In difficult economic times, offering employees who would not normally have access to company cars the ability to lease or hire a new car through a salary sacrifice scheme, with all the associated tax and national insurance (NI) savings, can be an attractive employee benefit.
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- A car salary sacrifice policy may include an early termination fee to be paid by the employee.
- Employers can add a premium to cover any exit penalties.
- Employers are obliged to continue to offer the same level of benefits to staff on maternity or paternity leave.
But it is an area fraught with danger for unwary employees, particularly when it comes to signing up to a long-term agreement and then leaving the organisation while still under contract.
Most agreements will include an early termination fee to be paid by the employee, but there is a significant risk for employers too, says Mo Desai, director of the employee solutions team at PricewaterhouseCoopers. “Depending on the size of the early termination charge, an employer may still be left with a shortfall even if it deducted it from [the employee’s] final net pay,” he says.
“If an employee disappears and [the employer] is not able to track them down, ultimately the contract is between the employer and the leasing company and the employer will be responsible for the early termination charges.”
Employers will often look to take out insurance to cover any termination fees incurred after an initial period, usually six months, says Andrew Leech, director of Fleet Evolution, which specialises in providing salary sacrifice cars to smaller firms. “This is generally added to the employee’s bill, so after six months the car can simply be handed back without any penalty,” he says.
This tends to add about 5% to the cost of schemes, but it is still a cheaper option for employees than taking out a car privately, says Leech.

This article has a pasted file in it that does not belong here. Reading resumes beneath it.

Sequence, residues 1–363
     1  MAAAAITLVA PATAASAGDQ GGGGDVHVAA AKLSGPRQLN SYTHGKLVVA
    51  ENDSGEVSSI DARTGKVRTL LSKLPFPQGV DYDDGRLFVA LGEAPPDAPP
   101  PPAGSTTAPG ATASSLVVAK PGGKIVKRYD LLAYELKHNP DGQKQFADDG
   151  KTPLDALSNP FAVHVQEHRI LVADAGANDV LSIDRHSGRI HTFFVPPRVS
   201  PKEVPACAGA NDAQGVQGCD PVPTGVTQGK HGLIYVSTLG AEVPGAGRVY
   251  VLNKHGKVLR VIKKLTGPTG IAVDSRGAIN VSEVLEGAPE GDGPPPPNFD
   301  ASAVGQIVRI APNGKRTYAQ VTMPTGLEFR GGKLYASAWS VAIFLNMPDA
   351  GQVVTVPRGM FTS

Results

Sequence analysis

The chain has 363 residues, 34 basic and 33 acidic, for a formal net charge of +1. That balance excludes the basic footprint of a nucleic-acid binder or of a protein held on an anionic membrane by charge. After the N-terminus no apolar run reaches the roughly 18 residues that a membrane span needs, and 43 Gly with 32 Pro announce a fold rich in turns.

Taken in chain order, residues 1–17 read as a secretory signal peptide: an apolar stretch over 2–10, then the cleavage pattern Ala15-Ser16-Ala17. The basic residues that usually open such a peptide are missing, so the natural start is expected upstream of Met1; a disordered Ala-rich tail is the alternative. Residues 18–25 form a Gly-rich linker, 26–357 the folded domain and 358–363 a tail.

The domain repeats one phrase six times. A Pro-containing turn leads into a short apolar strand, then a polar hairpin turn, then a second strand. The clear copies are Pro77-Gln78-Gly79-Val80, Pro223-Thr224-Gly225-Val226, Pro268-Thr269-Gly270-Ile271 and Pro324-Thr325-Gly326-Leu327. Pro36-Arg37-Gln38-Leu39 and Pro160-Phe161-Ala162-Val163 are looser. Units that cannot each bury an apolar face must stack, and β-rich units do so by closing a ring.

Many employers will build their own pool of money by adding a premium to cover any exit penalties, says James Warwick, a partner in Deloitte’s employment tax team. “Employers need to look at a whole-life calculation which factors in all the tax costs as well as the obvious costs, such as leasing the car and insurance,” he says.
“Then they can just take that figure and increase it a bit. It doesn’t have to be very much per employee, per car, per month, but it can even out those costs among all employees without anybody really feeling any pain.”
Other options include offering the employee the ability to buy the car outright or the employer trying to reallocate the car to another individual, says Andrew Hogsden, senior manager, strategic fleet consultancy at Lex Autolease.
But compulsory redundancies are a different matter, he says. “In that situation, it’s normal for the employer to pay any fee on behalf of the individual.”
Maternity and paternity leavers
Employees taking maternity or paternity leave can also cause complications. Where an employer provides more than the statutory minimum leave, payments can often carry on as before, but if this is not the case, the employer will be unable to make salary deductions, yet is obliged to continue offering the same level of benefit during the period of leave, says Desai.
“When an employee enters into a salary sacrifice arrangement, they are renegotiating the contract of employment, and the car becomes a contractual benefit,” he says.
Insurance can also be an option here, but this is not always taken out because it can prove unpopular among staff who are unlikely to be affected, says Leech. He suggests employers retain about £15 a month from NI savings to cover such eventualities.
Care must also be taken around employees approaching retirement, to ensure any deductions do not adversely affect pension contributions or provisions based on their salary when they retire.
Most, but not all, pension schemes will allow employees and employers to make contributions and receive payments based on notional rather than take-home salary, says Desai, but he warns employers to keep an eye on this as they make changes to pension schemes because of auto-enrolment.
Despite these potential obstacles, salary sacrifice company car schemes can be an attractive option for both employers and employees, says Deloitte’s Warwick. But care must be taken to ensure clear policies are set out, and communicated, when a plan is introduced.
“There is quite a lot of complexity and thinking to be done upfront,” he says. “It’s the [employers] that don’t work through all the scenarios that tend to come unstuck.”